Pace Tours Earthquake-Ravaged Area of Pakistan
By Jim Garamone
American Forces Press Service
MUZAFFARABAD, Pakistan, Mar. 21, 2006 The U.S. chairman of the Joint Chiefs of Staff today had nothing but praise for Pakistani leaders who coordinated relief efforts after a devastating earthquake here in October.
A devastated village in Pakistan shows signs of rebuilding five months after a magnitude 7.6 earthquake killed 75,000 people in the region. Photo by Jim Garamone
(Click photo for screen-resolution image);high-resolution image available.
"I was struck by two things today," Marine Gen. Peter Pace said at a news conference here. "One was the incredible natural beauty of your country. The other was the resilience of your citizens and all that has been accomplished in the five short months since the disaster."
Navy Rear Adm. Michael A. LeFever, who coordinated relief efforts of U.S. forces dispatched here, led Pace on a helicopter tour of the Jhellem valley, the center of the magnitude 7.6 earthquake. The quake killed 75,000 Pakistanis in the rough and rugged terrain that make up the foothills of the Himalayas. The swath of destruction covered an area approximately 100 kilometers by 300 kilometers and left 2.8 million people homeless as winter began.
LeFever called the earthquake a "life-changing event" for those affected and those who assisted.
Operation Lifeline, the American code name for the humanitarian operation, moved food, clothing and building materials to the area, provided medical care to thousands of Pakistanis, brought heavy equipment in to clear roads and build bridges, and flew helicopters to the most remote areas.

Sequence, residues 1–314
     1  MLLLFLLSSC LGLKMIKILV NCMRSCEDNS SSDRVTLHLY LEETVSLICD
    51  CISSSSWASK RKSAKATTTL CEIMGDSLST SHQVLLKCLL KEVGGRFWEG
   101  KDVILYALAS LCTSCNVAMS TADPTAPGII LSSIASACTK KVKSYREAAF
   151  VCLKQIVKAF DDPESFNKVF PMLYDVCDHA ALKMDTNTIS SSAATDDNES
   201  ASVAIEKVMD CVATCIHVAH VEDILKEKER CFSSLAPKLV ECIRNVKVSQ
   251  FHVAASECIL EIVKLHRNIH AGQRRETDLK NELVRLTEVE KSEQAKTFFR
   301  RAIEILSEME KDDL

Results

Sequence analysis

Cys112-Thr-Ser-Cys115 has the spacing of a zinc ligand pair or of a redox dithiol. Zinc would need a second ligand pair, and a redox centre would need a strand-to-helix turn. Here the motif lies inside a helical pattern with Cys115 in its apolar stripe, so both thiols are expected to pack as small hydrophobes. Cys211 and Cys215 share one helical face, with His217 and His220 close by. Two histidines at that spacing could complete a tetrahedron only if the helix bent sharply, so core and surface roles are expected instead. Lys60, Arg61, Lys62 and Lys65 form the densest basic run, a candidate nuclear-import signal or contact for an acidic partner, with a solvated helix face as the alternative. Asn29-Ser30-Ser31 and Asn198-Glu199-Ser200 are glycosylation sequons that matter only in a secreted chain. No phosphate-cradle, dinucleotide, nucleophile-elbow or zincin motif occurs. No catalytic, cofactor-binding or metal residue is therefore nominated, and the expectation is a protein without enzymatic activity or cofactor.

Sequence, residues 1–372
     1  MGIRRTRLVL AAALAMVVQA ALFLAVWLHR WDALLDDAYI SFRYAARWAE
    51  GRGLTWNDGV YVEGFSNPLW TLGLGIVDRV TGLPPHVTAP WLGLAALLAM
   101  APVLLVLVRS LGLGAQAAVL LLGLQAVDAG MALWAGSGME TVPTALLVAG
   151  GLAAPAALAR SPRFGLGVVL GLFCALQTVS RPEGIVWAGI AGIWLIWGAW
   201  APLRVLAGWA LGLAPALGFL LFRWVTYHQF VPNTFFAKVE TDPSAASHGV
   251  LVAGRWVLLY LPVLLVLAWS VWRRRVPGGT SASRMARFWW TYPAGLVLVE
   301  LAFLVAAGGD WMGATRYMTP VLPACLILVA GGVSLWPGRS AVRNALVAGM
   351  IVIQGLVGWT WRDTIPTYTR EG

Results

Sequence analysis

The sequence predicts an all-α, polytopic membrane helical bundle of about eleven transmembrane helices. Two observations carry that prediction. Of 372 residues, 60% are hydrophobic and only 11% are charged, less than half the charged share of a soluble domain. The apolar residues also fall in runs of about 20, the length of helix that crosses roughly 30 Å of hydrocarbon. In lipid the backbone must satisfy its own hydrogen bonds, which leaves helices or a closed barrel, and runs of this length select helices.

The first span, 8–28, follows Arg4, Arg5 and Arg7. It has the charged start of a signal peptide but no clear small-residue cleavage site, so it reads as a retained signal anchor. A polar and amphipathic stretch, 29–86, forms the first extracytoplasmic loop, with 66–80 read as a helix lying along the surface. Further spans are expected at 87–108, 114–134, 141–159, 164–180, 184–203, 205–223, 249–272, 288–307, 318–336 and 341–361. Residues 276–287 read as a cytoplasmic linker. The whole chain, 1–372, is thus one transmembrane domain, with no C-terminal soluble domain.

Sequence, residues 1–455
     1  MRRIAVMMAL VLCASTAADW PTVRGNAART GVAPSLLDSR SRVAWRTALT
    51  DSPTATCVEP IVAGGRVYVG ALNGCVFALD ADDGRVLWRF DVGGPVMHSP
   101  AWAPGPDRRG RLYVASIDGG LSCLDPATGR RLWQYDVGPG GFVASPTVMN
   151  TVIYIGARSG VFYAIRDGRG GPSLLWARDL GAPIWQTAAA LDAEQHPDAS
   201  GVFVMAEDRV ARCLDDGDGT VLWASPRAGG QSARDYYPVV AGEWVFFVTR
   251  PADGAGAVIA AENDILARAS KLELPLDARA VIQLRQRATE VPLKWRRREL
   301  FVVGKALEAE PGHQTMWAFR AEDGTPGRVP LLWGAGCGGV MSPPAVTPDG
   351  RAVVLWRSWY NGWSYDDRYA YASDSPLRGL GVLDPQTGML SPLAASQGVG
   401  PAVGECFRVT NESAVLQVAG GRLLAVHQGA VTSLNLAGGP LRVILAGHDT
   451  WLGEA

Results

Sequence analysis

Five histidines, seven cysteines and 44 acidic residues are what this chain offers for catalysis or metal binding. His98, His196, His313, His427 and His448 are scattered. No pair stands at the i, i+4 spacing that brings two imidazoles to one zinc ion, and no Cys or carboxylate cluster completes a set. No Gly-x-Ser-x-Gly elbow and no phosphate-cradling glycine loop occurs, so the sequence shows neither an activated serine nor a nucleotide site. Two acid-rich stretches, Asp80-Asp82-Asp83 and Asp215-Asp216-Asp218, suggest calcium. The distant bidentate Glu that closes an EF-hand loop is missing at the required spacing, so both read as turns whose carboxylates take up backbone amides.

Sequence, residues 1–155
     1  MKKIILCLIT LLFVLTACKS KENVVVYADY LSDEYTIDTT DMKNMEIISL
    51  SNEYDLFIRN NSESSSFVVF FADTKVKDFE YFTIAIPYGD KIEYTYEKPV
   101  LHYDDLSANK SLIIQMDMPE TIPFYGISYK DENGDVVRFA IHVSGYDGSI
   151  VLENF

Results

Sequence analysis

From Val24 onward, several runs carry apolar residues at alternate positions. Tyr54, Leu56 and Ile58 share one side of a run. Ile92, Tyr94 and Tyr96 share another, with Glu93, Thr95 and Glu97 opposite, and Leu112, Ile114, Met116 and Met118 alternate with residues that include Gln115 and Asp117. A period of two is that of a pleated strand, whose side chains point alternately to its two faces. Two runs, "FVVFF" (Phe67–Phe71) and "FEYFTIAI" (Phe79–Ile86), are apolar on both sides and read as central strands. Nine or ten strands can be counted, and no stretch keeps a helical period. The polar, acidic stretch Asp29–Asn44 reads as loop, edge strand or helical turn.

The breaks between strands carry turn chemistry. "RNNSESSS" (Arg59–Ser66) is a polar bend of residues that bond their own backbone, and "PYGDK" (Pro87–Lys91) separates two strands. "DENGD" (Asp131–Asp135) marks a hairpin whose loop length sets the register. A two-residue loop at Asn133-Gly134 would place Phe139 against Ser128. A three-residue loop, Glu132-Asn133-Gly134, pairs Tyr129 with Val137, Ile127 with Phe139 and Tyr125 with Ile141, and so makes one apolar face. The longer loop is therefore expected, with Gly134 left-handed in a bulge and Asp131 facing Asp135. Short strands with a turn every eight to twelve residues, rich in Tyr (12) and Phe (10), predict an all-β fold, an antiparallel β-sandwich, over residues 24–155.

The American military spearheaded the international aid effort. At its peak some 1,200 U.S. servicemembers were involved in the operation. The first Americans were in country surveying damage within 48 hours of the earthquake, and the first U.S. helicopters airlifted supplies to the area within 72 hours.
The U.S. military also helped Pakistanis sort out the jumble of relief supplies that poured in to Pakistan following the disaster. It didn't matter where the supplies came from, American airmen, sailors, soldiers and Marines helped speed cargo to affected areas. An embassy official said American crews helped repair an Iranian plane that landed with supplies and required mechanical work.
In an illustration of the international aid effort, Pace flew over the affected area today in an Australian Black Hawk helicopter.
"I speak for all of us when I state that this was a mission that we were all very proud to take part in," LeFever said at the news conference. "We've come together with our Pakistani friends as one team, focused on one goal: to alleviate the pain and suffering of those struck by this devastating disaster. And together we overcame the odds and the challenge and survived the winter and are now firmly on a course for reconstruction and rebuilding."
Pace also spoke of the assistance Pakistan has given America in the years since the Sept. 11, 2001, terrorist attacks. Pakistani leaders have made courageous decisions in the war on terrorism, Pace said. "You can go back as many decades as you want and you can find examples of friendship between Pakistan and the United States, so it was only natural that when your country was struck by this devastation that we should try to assist you in any way that we could," he said. "That we have been able to help gives great satisfaction to those of us in uniform."
The American military aid mission here ends next week, but the United States has pledged $200 million to help Pakistan rebuild the devastated area, U.S. Ambassador to Pakistan Ryan Crocker said.
Pakistani Maj. Gen. Khalid Nawaz, who commanded the 12th Heavy Mountain Division in the affected area, spoke of how people came together to aid Pakistan in its time of need, particularly Americans. "It wasn't how much rubble they moved, it was the spirit they showed as they did it," he said. "They worked 24 hours a day, seven days a week and it didn't matter if it was Thanksgiving, Christmas or New Year's, they were on the job."